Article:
Qi is only one of the vital essences that traditional Chinese medicine considers important to one's health and wellbeing. The blood, as well as the other body fluids, the essence, and the spirit all play essential roles as well.
In traditional Chinese medicine, blood has some parallels to its Western counterpart, such as its function of circulating through the body and nourishing the organs.
However, it also has some very subtle functions in traditional Chinese medicine, such as providing a substantial foundation for the mind and improving sensitivity of the sensory organs.
Blood deficiency can also impair the senses, especially the eyes, causing blurry vision. Closely aligned with qi, blood has a complementary relationship with it. The saying, "Blood is the mother of qi, and qi is the leader of blood," refers to the fact that without blood, qi has no fundamental nutritional basis; without qi, the body cannot form or circulate blood, and the blood would fail to stay within the vessels. The two are considered to flow together through the body.
Disorders of Blood
Blood's main function is to circulate throughout the body, providing nourishment and moisture to the organs, skin, muscles, and tendons. When blood is deficient, symptoms such as dry skin and hair, inflexible tendons, and various emotional and reproductive imbalances can occur, depending on the organs involved.
Since qi and blood are so closely related, a deficiency or stagnation of one of the substances often leads to the same type of imbalance in the other one.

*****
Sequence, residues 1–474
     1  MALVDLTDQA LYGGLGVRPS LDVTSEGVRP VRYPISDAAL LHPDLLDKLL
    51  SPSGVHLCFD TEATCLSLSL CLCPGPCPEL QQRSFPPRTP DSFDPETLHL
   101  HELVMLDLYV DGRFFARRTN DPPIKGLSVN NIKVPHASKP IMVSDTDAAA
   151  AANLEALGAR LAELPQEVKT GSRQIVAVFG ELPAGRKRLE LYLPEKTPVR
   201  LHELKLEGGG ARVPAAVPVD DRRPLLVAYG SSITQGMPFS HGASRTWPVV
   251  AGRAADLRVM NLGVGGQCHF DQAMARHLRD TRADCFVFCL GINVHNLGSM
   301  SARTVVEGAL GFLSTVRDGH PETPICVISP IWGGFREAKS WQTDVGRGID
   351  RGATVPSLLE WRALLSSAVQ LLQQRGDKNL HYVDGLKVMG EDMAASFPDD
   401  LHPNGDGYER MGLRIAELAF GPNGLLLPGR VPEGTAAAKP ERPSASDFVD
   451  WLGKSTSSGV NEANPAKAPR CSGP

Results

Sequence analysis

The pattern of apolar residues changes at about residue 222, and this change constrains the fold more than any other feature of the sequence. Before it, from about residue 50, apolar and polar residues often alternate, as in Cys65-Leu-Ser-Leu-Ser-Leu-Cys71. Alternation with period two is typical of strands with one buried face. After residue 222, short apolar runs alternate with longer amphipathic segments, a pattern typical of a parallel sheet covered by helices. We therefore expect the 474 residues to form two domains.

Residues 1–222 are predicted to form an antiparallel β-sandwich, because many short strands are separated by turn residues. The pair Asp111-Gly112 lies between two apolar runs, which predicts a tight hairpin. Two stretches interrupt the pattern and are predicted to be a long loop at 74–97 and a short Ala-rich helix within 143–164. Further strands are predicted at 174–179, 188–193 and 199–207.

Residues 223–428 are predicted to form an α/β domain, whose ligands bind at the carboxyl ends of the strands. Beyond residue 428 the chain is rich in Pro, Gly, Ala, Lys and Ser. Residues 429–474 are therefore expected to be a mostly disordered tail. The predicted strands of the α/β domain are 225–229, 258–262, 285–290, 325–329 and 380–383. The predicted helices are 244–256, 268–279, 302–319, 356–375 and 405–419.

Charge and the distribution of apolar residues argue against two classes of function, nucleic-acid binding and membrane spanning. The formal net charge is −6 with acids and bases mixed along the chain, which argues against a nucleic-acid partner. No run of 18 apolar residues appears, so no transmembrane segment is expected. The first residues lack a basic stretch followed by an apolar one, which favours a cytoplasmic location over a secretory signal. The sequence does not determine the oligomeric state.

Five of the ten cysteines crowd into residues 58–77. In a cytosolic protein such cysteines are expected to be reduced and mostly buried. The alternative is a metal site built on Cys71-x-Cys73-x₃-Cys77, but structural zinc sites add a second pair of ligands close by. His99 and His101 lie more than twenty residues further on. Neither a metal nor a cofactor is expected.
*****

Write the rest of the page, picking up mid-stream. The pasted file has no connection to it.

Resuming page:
The organs that have the most intimate relationship with blood are the spleen, heart, and liver. The spleen creates qi and blood from food; it also helps keep blood within the vessels. When spleen qi is deficient, blood deficiency or bleeding disorders can occur.
The heart is said to "rule the blood and vessels." When it is qi or yang deficient, energy to move blood through the vessels is insufficient, resulting in poor circulation and feelings of coldness in the extremities.
Since the heart blood is also the resting place for the mind and spirit, deficient heart blood leads to symptoms of insomnia, palpitations, restlessness, and poor memory.
Finally, the liver stores the blood during times of rest or sleep. This function is a process of regeneration, and it is also intimately involved with menstrual flow and fertility. A deficiency of liver blood can lead to scanty menstruation or infertility.
Stagnant liver blood may lead to menstrual cramping and discomfort. Since the liver opens into the eyes, this deficiency can also produce such symptoms as blurry vision, floaters, and dry eyes.
Body fluids refer to all the fluids in the body, such as sweat, tears, saliva, and various secretions and lubricants. The spleen and stomach regulate the formation of fluids, which are considered byproducts of digestion, while the intestines and bladder are involved in their excretion.
Fluids consist of two basic types: clear thin fluids known as jin, and thick viscous fluids known as ye. Jin is distributed mostly to the muscles and skin, keeping them moist and nourished.
Ye acts as a lubricant to the joints and nourishes the brain. Jin ye is the collective term for all the body fluids.
Because of the relationship between the organs and body fluids, a traditional Chinese medicine practitioner can extrapolate a wealth of information about organ function from the condition of the jin ye.
For this reason, the initial interview includes questions about thirst, urination, color of fluids, and the amount and timing of sweating.
Sweat is ruled by the heart. Excessive sweating during the day is considered a sign of yang deficiency; night sweats, on the other hand, are a sign of yin deficiency.